Alternate Punk Subgenres – Sandal, Candle, and Silk


At this point, most people are aware of the steam-powered, brass-goggled mayhem that is the steampunk genre.  And many people probably can recognize the neon, holographic entertainment riot which constitutes the cyberpunk genre.  There are, however, many other punk genres that don’t get nearly the same amount of attention and publicity that they perhaps should.  

If you have no idea what “punk” subgenres are, here’s a quick explanation.  Punk is a tag that is often used to describe a number of sci-fi/alternate history genres that heavily rely on “retro-futurism.”  That is, the combination of the technology, fashion, and tropes of specific historical eras with a fantastic futuristic spin.  With the exception of cyberpunk and nanopunk, which are more like a retro idea of what the far future would look like, the punk genres operate with the idea that futuristic technologies evolved within the context of past eras.  Thus, steampunk is full of steam powered jet-packs, airships, and outlandish Victorian vehicles all encased in brass and glass.  

But if the be-goggled, Victorian steampunk doesn’t quite do it for you, and you’re not into the neon, holographic mohawks of cyberpunk, maybe some of these sub-punk genres will be more to your liking.  


This subgenre assumes that early western iron-age civilizations never fell, and essentially, ancient Greece and Rome continued to evolve to develop advanced technology.  This one tends to include a lot of fantasy elements as well, with colossal bronze statues, mechanical gorgons, and machine driven chariots   A bit silly?  Yes.  Still freaking awesome?  You bet!  Check out The Hesperian Trilogy by Alan Smale.


Silkpunk consists of motor-driven technology with far east aesthetics using ancient eastern materials such as silk, bamboo, and paper, as well as the island aesthetics of south-east Asia using coral, feathers, and coconuts.  This one is relatively new on the “sub-punk” scene, but it already has several amazing literary examples that we highly recommend!  As one of the few sub-punks that does not heavily rely on western or European themes, Silkpunk is poised to be the next big, unique punk genre.  We cannot recommend enough The Grace of Kings by Ken Liu and The Red Threads of Fortune by J.Y. Yang.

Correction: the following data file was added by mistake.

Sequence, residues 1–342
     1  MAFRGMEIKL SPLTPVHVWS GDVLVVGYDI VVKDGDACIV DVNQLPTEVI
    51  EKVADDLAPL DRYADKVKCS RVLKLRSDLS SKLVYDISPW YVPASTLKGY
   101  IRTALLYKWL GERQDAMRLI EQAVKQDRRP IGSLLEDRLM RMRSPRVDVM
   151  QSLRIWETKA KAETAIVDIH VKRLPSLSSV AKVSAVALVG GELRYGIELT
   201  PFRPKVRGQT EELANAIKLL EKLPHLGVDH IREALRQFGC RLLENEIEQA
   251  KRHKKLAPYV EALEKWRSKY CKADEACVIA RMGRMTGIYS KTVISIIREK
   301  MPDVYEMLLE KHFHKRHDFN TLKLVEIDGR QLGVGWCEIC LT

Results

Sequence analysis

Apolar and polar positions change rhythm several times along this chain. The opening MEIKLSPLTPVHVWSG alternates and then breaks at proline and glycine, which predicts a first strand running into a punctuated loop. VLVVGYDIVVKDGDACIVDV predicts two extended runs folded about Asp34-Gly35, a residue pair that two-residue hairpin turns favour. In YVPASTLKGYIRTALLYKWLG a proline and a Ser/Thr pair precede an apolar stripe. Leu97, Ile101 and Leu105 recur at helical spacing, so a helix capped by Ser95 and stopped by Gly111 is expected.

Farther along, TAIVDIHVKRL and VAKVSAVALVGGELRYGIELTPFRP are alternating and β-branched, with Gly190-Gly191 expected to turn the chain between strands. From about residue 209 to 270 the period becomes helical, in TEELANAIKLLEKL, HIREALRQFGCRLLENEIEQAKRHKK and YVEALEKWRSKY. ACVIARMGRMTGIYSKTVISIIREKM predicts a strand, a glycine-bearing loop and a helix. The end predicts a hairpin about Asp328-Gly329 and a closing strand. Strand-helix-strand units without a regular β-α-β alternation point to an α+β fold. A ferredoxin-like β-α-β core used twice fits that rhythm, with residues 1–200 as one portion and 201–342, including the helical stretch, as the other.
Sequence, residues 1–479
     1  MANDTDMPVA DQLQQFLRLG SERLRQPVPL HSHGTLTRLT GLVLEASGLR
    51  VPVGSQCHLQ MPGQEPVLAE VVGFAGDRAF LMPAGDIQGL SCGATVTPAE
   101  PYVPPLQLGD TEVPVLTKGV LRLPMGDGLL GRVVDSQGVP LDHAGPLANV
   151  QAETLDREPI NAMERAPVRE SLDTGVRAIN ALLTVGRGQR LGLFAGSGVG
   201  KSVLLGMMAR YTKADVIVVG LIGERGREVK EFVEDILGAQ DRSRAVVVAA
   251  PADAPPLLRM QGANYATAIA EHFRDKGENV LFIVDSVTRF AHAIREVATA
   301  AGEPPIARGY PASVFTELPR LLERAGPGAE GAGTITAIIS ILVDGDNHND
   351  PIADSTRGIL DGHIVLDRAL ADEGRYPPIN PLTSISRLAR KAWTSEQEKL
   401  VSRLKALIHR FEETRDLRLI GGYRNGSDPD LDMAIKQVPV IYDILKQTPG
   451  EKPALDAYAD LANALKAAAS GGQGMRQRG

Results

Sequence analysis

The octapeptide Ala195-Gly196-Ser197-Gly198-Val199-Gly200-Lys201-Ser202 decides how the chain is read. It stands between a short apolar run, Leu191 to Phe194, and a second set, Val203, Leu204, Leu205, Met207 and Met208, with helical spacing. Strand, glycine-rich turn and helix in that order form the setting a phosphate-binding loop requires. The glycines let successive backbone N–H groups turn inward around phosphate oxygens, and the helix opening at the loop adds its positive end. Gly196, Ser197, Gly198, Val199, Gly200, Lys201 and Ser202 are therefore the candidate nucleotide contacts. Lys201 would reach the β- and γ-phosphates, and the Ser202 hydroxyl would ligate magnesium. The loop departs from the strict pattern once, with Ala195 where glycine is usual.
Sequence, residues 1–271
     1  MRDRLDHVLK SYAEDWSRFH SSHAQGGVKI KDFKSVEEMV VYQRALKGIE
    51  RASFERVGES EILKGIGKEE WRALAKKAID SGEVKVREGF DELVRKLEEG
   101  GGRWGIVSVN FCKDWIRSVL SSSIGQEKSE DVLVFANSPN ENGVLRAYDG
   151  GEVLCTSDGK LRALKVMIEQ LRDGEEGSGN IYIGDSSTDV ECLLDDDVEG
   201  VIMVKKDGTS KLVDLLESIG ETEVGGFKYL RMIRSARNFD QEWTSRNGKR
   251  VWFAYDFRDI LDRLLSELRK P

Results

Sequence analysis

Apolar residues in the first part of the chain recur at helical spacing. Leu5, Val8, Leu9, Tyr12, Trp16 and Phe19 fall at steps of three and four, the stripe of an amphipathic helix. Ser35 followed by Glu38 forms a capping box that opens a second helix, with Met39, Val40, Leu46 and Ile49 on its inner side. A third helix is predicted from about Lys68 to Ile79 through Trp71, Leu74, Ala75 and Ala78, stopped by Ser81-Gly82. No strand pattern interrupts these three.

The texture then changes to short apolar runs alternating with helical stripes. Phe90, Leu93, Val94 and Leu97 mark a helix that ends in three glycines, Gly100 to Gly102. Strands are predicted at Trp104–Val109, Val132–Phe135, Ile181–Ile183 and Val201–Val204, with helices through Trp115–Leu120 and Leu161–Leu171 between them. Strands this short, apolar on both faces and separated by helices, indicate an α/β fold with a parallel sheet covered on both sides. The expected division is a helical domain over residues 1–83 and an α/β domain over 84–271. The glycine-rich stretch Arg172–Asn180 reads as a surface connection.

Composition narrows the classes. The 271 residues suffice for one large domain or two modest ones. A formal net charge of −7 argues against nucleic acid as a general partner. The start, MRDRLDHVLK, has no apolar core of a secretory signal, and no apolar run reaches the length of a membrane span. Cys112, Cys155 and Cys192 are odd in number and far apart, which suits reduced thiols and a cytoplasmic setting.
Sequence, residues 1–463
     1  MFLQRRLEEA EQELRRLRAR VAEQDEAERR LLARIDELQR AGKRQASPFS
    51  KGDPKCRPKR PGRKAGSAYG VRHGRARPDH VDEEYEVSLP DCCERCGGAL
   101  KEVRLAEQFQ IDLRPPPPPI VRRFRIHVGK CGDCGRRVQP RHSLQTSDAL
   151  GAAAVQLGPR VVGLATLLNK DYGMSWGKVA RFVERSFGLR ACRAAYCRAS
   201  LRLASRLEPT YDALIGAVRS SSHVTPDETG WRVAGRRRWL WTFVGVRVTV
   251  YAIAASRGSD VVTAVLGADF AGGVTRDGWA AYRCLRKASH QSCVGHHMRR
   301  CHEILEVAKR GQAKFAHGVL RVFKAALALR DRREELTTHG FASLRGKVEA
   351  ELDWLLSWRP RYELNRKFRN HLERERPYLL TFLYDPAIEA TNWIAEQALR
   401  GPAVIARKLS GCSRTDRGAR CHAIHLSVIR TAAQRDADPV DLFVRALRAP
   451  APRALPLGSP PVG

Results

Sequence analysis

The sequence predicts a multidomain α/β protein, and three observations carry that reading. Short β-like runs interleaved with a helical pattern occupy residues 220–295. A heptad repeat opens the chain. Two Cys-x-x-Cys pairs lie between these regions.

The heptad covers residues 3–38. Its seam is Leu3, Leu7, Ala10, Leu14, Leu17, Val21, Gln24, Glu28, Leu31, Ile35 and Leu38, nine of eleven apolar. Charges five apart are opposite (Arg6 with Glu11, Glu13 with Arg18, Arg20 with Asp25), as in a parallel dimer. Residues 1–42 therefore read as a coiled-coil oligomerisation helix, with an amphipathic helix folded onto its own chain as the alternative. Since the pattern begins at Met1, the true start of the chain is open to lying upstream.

Jumping just a little bit ahead in time, Candlepunk, also sometimes called Castlepunk, assumes that the medieval era kingdoms continued to develop future technologies.  The best part of this one, however, is its own subgenre, Plaguepunk.  Think alchemical guns, plague masks, and a grim-dark medieval setting!  Try The Plague Tales by Ann Benson and Doomsday Book by Connie Willis.


Much of the fashion of the Rococo era already lends itself well to “punk” genres, with its outlandish, ship covered wigs, porcelain doll-esque makeup, and excessively frilly clothing.  It’s not a huge stretch to imagine these aesthetics being applied to porcelain mechanized butlers or clockwork powered ships.  Rococopunk exists in the space between Steampunk and Candlepunk, slightly more silly than both, but definitely more punk.  The unique thing about this particular sub-punk genre is that it also focuses on the era in which so many wars, particularly Revolutionary wars, took place.  So it presents an interesting dichotomy between beautiful fashion with retro-futuristic war machines.  Check out Quicksilver by Neal Stephenson.


This one takes the beautiful aesthetics of art deco in the 1920’s and applies retro-futurism to that.  It usually features mobsters, gold guns, and lots of heavy deco architecture.  Outside of literature, one of the best examples of decopunk are the first two Bioshock video games, which mix decopunk and biopunk in the wonderfully derelict underwater city of Rapture.  If you are interested in decopunk be prepared to be assaulted by lots of gold and intricate designs with hard lines; it’s wonderful!  Try BioShock: Rapture by John Shirley.  

This list hardly scratches the surface of the many sub-punk genres, and if you love alternate history, we highly recommend you check them all out!  Which sub-punk genre is your favorite?  We’d love to hear about it in the comments!